* Yucaipa, Burkle claim breach of fiduciary duty by board
* Yucaipa wants court to amend Barnes & Noble poison pill
* Barnes & Noble board calls suit “meritless”
* Yucaipa’s stake in Barnes & Noble has risen to 19.62 pct
* Shares down 7.5 percent (Adds detail on shareholder rights plan, updates stock move)
By Ben Klayman
CHICAGO, May 6 (Reuters) - Billionaire investor Ron Burkle’s Yucaipa American Management sued bookseller Barnes & Noble Inc (BKS.N) and its directors, saying the board breached its fiduciary duty by upholding a “discriminatory” poison pill provision that would prevent the company from being sold.
The suit was filed in Delaware Chancery Court on Wednesday, according to documents filed by Burkle and Yucaipa with the U.S. Securities and Exchange Commission on Thursday. An attorney for the plaintiff confirmed the lawsuit was filed.
The lawsuit charges the board with breaching its duty to shareholders by having a poison pill without “any legitimate corporate purpose.” according to the filing. It seeks unspecified damages.
It said the pill entrenches Chairman Leonard Riggio, who founded the company in 1965, and the incumbent directors in a “self-dealing scheme,” and prevents other shareholders from buying the same level of voting power as the Riggio family.
Yucaipa also called the New York company’s corporate governance policies “deficient.”
The bookseller’s board called the lawsuit “meritless” and said Burkle filed it to “advance his own self-serving agenda.”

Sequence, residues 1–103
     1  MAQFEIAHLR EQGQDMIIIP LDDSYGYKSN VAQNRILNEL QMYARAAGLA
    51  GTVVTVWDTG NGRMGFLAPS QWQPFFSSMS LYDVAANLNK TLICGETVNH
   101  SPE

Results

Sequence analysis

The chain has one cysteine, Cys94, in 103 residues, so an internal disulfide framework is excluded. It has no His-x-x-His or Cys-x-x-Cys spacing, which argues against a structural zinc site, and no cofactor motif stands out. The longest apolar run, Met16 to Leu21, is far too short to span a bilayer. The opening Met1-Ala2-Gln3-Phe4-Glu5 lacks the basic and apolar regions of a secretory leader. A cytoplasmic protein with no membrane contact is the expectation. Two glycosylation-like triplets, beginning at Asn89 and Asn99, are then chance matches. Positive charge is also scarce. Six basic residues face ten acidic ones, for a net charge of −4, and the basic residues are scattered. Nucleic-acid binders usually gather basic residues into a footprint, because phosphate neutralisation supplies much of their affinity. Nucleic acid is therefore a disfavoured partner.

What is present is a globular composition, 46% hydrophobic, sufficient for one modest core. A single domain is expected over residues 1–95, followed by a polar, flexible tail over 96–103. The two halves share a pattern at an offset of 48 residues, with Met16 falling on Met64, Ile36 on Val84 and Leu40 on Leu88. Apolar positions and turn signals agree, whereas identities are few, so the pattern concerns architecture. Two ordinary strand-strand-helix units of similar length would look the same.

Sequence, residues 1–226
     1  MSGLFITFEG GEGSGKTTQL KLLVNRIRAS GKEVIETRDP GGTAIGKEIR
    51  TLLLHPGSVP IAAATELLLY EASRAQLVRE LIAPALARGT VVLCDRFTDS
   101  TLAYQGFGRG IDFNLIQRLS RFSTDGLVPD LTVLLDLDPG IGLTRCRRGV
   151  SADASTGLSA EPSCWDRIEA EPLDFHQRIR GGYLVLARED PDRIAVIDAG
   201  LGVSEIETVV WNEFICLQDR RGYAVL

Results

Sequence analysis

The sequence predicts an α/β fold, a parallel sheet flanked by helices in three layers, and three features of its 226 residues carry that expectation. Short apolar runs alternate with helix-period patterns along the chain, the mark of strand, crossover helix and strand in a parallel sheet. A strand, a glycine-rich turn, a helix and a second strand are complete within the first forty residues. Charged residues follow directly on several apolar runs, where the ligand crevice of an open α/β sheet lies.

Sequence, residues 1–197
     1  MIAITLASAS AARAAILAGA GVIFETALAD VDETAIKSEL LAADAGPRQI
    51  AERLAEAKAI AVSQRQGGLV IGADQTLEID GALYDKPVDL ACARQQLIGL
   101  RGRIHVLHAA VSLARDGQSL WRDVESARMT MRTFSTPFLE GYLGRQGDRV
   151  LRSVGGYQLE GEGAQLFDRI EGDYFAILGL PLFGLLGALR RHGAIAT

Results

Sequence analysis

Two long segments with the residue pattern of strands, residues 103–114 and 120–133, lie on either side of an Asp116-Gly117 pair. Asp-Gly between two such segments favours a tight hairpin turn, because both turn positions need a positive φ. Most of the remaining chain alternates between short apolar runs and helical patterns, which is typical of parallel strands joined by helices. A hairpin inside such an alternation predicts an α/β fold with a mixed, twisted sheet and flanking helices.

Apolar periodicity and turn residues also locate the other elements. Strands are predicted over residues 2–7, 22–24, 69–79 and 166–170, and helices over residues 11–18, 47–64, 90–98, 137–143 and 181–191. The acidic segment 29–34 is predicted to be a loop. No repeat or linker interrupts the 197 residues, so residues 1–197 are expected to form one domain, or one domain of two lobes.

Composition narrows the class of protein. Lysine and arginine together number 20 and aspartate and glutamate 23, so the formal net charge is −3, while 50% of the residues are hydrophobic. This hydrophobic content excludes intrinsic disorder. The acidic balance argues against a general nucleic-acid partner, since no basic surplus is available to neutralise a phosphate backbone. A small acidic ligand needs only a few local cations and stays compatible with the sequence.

Yucaipa in January asked the board for permission to raise its stake to as much as 37 percent without tripping the pill’s provisions. That would have made Burkle the company’s largest individual shareholder.
The shareholder rights plan is triggered once a single investor’s stake rises above 20 percent. It is designed to prevent hostile takeovers by allowing shareholders to buy more stock at a discount and dilute the buyer’s holdings.
Burkle’s Yucaipa owns 19.62 percent of the company’s stock as of May 5, according to the filing.
The Riggios and company insiders owned about 31 percent of Barnes & Noble shares as of March. Yucaipa said in the lawsuit that the family owns about 32.4 percent of the shares. Including insiders, the total rises to about 38.2 percent, the lawsuit said.
Yucaipa wants shareholders to be able to buy the same number of shares as those held by the Riggios, or to stop the family from using the voting power associated with shares above the 20 percent threshold.
Burkle asked the court to declare that no member of the Riggio family may buy additional shares without triggering the poison pill. He also wants shareholders to be able to collaborate on proxy contests or vote on the poison pill provision without triggering it.
Burkle plans to propose three directors to oppose the management board slate at the company’s next annual meeting.
The Barnes & Noble board said it would defend the company against the lawsuit. It said again that it intends to submit the rights plan for shareholder ratification within 12 months of adoption.
Shares of Barnes & Noble were down $1.58, or 7.5 percent, at $19.44 in afternoon trading on the New York Stock Exchange. They have fallen more than 32 percent since hitting their highest level of $28.76 over the past year last August. (Reporting by Ben Klayman. Editing by Dave Zimmerman and Robert MacMillan)